On the other hand, only a few chapters address the positive effects of the Internet on social development, the potential of the Internet's liberalization, and promotion of global and local justice is mostly under-articulated in this edited volume. More specific, the empowerment function of the Internet should not be underestimated, as shown in the networking of anti-globalization activists campaign at global level. Recent protests at the venues (the latest one is the G8 in Genoa, Italy, July 2001 and the G-8 Summits in Kananaskis, Canada, June 2002) of the EU, the G8, the IMF, the WTO, and World Bank summits have been forcefully articulating the fundamental contradictions between the haves and have-nots, and visualizing and exposing socio-economic fault-lines between the rich and poor, the developed and underdeveloped worlds. Operating at global level with local activism, these confrontational scenes have become routine at, as well as creating noises against, international summits of the rich and powerful supra-national agencies which control global capital. Though it is highly questionable about the success of these 'anarchist like' campaigns (are these a new form of e-mobilization?), vis-a-vis global capitalism, the actively engaging developmental debates on equitable share of benefits derived from the economic liberalization / globalization project -- a forgotten, dark and tragic dimension of the champion of global capitalism -- are rejuvenated through the e-mobilization in the post-Cold War era. At the very least, the protesters have done what WTO, the IMF, the World Bank, and the EU have failed to do in half a century: making people aware of the problems of digital global capitalism. The critical engagement of global social movements with, and confronting, the inter-governmental / multi-lateral economic institutions seemingly is more promising than we once thought (O'Brien, et al. 2000). The missing of the elaborated framework with substantial case studies makes this volume lean towards a confirmation of the emergence and persistence of cyberimperialism -- isn't it too early to judge the trend of the Internet development which is in reality much more dynamic, mobile, contingent, and fluid?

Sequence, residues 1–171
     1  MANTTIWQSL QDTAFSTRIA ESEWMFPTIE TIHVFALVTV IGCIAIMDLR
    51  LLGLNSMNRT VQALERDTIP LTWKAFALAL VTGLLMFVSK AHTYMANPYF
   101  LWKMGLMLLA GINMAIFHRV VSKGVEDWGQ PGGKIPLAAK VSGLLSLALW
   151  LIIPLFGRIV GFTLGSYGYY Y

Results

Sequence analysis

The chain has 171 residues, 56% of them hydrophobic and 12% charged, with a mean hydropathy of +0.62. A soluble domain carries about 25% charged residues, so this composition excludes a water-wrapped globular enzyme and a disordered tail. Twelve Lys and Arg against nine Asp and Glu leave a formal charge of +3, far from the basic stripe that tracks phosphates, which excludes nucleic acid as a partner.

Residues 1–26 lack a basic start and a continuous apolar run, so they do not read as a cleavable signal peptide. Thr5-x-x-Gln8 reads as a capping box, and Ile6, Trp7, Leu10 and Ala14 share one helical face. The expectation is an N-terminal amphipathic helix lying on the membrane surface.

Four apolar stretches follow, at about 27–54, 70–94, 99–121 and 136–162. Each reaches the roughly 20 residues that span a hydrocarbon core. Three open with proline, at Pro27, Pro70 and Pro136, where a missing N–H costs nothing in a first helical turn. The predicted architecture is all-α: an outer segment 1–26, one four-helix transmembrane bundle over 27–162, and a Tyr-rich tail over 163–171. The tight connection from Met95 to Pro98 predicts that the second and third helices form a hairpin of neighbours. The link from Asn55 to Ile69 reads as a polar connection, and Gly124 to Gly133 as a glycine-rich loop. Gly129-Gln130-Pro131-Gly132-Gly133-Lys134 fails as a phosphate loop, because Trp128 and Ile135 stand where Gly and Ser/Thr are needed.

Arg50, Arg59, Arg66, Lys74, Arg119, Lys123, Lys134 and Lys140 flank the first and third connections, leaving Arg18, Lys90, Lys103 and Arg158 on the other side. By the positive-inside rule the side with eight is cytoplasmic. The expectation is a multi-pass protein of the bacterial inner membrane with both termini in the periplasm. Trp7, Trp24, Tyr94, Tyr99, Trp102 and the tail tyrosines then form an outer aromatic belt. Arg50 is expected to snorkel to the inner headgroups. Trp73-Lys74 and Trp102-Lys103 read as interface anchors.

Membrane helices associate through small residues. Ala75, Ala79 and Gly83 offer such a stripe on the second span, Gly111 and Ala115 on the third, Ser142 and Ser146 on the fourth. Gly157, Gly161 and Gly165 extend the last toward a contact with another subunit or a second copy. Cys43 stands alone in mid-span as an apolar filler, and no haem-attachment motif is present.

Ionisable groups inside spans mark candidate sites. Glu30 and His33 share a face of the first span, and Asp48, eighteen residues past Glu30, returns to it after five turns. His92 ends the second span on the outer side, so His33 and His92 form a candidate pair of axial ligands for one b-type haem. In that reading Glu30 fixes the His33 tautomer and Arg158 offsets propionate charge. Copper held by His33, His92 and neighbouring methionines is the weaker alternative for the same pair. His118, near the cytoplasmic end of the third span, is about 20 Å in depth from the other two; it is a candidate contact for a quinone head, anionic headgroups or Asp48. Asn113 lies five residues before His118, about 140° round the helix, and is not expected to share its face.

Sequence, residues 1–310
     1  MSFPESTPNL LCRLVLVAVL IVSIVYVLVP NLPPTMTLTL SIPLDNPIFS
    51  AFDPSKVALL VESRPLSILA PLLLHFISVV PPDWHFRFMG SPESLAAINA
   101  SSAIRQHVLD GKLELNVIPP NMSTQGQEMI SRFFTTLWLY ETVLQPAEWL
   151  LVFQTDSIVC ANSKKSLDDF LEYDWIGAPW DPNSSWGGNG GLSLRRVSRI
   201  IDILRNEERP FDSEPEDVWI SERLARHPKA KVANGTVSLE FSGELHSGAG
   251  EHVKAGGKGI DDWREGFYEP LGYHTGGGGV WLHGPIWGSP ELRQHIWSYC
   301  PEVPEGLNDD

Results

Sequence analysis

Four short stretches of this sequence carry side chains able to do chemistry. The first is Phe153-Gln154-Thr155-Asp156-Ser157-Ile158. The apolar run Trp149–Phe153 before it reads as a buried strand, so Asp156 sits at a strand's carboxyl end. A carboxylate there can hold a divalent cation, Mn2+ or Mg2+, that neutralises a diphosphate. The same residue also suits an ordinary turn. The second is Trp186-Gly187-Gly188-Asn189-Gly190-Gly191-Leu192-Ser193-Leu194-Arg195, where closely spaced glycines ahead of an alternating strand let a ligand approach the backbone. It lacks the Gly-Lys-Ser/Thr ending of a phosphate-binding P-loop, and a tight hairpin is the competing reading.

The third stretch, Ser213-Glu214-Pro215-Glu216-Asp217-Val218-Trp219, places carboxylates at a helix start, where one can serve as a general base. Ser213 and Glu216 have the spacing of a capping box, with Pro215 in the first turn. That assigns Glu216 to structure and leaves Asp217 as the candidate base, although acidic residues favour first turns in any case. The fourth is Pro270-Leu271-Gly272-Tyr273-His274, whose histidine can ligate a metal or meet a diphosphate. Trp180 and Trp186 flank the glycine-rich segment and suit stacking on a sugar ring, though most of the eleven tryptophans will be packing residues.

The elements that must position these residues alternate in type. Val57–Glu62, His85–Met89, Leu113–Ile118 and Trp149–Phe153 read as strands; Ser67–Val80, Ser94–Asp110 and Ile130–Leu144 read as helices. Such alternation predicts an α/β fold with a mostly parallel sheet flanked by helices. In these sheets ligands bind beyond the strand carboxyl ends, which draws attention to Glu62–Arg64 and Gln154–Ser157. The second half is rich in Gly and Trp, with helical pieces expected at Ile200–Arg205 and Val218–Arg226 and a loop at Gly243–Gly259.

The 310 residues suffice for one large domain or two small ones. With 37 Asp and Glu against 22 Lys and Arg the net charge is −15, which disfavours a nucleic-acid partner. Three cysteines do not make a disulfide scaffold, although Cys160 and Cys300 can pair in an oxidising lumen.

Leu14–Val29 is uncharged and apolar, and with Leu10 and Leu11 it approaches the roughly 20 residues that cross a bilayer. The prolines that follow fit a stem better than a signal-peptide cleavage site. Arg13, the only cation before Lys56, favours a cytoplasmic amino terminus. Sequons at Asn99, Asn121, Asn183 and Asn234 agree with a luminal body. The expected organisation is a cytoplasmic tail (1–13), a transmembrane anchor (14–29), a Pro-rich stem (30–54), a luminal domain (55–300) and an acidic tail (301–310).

The mapping of the new landscape of cyberimperialism and global capitalism -- characterized by eclecticism and the production of fascinating but mostly discrete work -- is a welcome addition to an emerging field of study to understand the socio-political, economic, and cultural adaptation of the Internet, as well as their enhancement for the creative social forces at global scale. The editor and the contributors succeed in creating some order in innovative thinking about cyberimperialism, digital capitalism, and social future and themes alike while embracing the enormous heterogeneity of the political economy of informational society.

The rapid changes which the Internet and cyberspace are undergoing world-wide have led to an increased literature on the topic. Analytically informed discussions, such as those presented in this edited volume, therefore come in handy. Many edited volumes on the interfacing (synergy or decoupling?) of the Internet, global relations, and civil communities suffer from the caveats of the disorganization or lack of focus. In my opinion, Ebo's edited volume stands out differently by combining both analytical insight and good empirical case studies, and is one of the rare exceptions.

International Telecommunication Union (ITU). 2000. Asia-Pacific Telecommunication Indicator. Hawaii: ITU.

O'Brien, Robert, Goetz, A.M, Scholte, J.A. and M. Williams. 2000. Contesting Global Governance: Multilateral Economic Institutions and Global Social Movements. Cambridge: Cambridge University Press.

Schiller, Dan. 1999. Digital Capitalism: Networking the Global Market System. Cambridge, MA: MIT Press.

United Nations Development Programme (UNDP). 1999. Human Development Report - 1999. Oxford: Oxford University Press.

On-Kwok Lai:
Dr. On-Kwok Lai is a professor at the School of Policy Studies, Kwansei Gakuin University, Japan, where he teaches comparative policy studies, focusing on environmental, technological, and urban affairs. He was a DAAD (German Academic Exchange Service) Fellowship holder at the University of Bremen and University of Bielefeld, Germany and has taught in Hong Kong and New Zealand. His current research interests are on comparative socio-political aspects of urban/environmental transformation under the new informational and high-tech regime.  <oklai@ksc.kwansei.ac.jp>